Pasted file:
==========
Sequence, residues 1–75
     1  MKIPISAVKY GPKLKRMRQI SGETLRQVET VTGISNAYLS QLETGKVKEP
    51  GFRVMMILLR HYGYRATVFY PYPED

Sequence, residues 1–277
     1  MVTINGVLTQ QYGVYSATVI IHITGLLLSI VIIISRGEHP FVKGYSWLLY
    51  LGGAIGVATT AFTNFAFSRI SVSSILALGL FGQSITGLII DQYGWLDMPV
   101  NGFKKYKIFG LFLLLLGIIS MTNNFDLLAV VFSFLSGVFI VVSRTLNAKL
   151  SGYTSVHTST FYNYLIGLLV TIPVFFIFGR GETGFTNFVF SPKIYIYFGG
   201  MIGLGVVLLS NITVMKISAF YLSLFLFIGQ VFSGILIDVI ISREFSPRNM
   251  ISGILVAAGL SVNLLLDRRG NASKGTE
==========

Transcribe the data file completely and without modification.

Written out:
Sequence, residues 1–75
     1  MKIPISAVKY GPKLKRMRQI SGETLRQVET VTGISNAYLS QLETGKVKEP
    51  GFRVMMILLR HYGYRATVFY PYPED

Sequence, residues 1–277
     1  MVTINGVLTQ QYGVYSATVI IHITGLLLSI VIIISRGEHP FVKGYSWLLY
    51  LGGAIGVATT AFTNFAFSRI SVSSILALGL FGQSITGLII DQYGWLDMPV
   101  NGFKKYKIFG LFLLLLGIIS MTNNFDLLAV VFSFLSGVFI VVSRTLNAKL
   151  SGYTSVHTST FYNYLIGLLV TIPVFFIFGR GETGFTNFVF SPKIYIYFGG
   201  MIGLGVVLLS NITVMKISAF YLSLFLFIGQ VFSGILIDVI ISREFSPRNM
   251  ISGILVAAGL SVNLLLDRRG NASKGTE